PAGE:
Thank you for the Daniel Pink recommendation, @Mike Stack! Way cool. As for your question for the group, it's challenging to reflect on -
Looking forward to your insights on increasing effectiveness re: resolutions.
@Danny Gossman Cool, man! Way to get out something that you really needed to type out; high five.
Good question! In addition to random texts throughout the year with that group, I typically tell my close friends, who are great at holding me accountable. I also received a book that - two years later - is on display on a shelf called "Something Like Magic." It is in plain view from my kitchen, so I see it regularly and it's a great reminder.
Last year, I told my direct team because I truly felt the word impacted them most. Work meetings for me are FILLED with distractions (emails, IM's, text messages, etc when people don't see me at my desk), and I knew that if anyone could hold me accountable - and would benefit from doing so - it would be them. There were definitely a few slips, but I noticed something else: when I was present: the anxiety that often comes during meetings dissipated because I wasn't trying to do eight things at one time... and I was more productive / able to BE there for my team when they needed me. In those slips, they didn't even usually have to say anything. I would start to feel the anxiety, and I would stop, take a moment and say 'presence' to myself to bring my attention back.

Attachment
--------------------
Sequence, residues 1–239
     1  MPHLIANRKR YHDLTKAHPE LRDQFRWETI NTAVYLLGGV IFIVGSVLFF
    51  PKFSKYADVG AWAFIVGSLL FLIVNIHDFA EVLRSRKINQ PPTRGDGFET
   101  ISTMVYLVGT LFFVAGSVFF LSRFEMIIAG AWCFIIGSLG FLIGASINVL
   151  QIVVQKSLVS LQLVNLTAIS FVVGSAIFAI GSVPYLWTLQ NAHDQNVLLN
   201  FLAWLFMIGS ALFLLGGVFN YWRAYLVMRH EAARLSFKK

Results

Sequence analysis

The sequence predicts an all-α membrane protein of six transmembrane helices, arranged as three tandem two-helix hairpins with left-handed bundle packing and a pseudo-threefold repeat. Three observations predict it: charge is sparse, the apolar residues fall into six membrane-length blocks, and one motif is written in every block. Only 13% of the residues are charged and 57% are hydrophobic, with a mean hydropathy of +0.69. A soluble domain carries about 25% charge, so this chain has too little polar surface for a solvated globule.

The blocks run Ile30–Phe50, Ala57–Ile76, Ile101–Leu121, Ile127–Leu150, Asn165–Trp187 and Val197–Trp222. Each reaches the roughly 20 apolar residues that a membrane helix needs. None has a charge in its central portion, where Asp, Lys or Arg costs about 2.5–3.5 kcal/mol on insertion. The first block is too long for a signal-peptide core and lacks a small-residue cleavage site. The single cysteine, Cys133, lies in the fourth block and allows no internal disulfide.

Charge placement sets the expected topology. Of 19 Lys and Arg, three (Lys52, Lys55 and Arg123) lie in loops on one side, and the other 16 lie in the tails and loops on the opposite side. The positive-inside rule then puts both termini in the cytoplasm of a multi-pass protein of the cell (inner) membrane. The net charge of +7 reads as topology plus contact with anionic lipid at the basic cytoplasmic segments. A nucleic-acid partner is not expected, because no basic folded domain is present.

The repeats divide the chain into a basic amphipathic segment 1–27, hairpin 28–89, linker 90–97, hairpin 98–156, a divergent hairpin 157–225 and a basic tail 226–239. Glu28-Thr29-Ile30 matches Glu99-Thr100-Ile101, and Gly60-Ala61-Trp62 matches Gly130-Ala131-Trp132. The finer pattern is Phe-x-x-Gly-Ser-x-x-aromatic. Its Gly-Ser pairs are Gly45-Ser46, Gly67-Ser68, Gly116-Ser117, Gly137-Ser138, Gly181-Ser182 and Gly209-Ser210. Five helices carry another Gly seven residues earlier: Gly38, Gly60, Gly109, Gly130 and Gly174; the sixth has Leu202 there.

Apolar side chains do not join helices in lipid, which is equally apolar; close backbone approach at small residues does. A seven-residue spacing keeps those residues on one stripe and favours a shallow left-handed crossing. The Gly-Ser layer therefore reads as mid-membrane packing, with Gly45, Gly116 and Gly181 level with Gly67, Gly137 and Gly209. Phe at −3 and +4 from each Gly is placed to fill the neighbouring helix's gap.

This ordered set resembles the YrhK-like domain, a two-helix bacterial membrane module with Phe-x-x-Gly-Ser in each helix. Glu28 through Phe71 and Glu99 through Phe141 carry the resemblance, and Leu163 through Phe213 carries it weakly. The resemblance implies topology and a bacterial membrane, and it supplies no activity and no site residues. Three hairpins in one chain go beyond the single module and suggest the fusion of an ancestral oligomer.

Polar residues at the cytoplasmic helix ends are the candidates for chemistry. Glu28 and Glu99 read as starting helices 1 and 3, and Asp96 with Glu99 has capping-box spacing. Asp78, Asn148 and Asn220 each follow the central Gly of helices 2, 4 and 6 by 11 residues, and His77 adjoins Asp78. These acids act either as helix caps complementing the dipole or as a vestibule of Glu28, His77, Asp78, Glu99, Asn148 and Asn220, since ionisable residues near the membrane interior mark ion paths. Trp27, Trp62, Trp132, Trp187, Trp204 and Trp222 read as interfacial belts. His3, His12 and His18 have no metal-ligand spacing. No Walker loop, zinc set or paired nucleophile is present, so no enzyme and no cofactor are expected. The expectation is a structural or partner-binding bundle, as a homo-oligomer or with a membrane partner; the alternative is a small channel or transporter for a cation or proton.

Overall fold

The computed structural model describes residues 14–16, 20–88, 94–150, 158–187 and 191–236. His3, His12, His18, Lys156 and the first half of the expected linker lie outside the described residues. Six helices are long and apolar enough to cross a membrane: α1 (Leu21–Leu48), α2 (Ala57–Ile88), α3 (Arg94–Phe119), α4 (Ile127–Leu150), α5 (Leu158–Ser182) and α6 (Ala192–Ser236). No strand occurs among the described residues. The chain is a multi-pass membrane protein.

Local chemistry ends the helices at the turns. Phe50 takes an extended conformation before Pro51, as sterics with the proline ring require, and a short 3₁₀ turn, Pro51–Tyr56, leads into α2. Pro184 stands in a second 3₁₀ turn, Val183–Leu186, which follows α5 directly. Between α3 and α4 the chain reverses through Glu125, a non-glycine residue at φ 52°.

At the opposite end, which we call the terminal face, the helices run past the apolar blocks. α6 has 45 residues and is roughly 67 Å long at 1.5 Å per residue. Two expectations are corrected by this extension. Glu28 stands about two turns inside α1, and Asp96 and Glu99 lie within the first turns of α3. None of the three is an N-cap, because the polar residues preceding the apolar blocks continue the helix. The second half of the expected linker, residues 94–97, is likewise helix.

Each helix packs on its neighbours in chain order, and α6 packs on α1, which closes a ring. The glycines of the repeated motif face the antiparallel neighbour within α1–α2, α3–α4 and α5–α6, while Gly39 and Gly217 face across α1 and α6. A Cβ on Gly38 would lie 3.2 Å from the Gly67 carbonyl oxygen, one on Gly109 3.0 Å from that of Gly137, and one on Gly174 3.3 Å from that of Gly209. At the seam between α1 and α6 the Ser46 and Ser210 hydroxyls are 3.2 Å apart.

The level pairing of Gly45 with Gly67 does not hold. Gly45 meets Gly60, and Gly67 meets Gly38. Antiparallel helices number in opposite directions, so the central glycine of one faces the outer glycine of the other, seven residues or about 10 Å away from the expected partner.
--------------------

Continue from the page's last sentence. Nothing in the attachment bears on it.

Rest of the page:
For 2020, I am actually going to pull a word from an exercise I did with a few folks from the Rochester location in summer 2019: Human.
As strange as that sounds, it has meaning to me because I want the reminder that it is okay to be "human" sometimes and not beat myself up for things like feeling emotions (gasp!), experiencing vulnerability; giving myself space to release "perfection" and make mistakes, recognize limits and set boundaries, etc. Also, humans have to BREATHE to survive. Healthy reminder I need to do that from time to time :).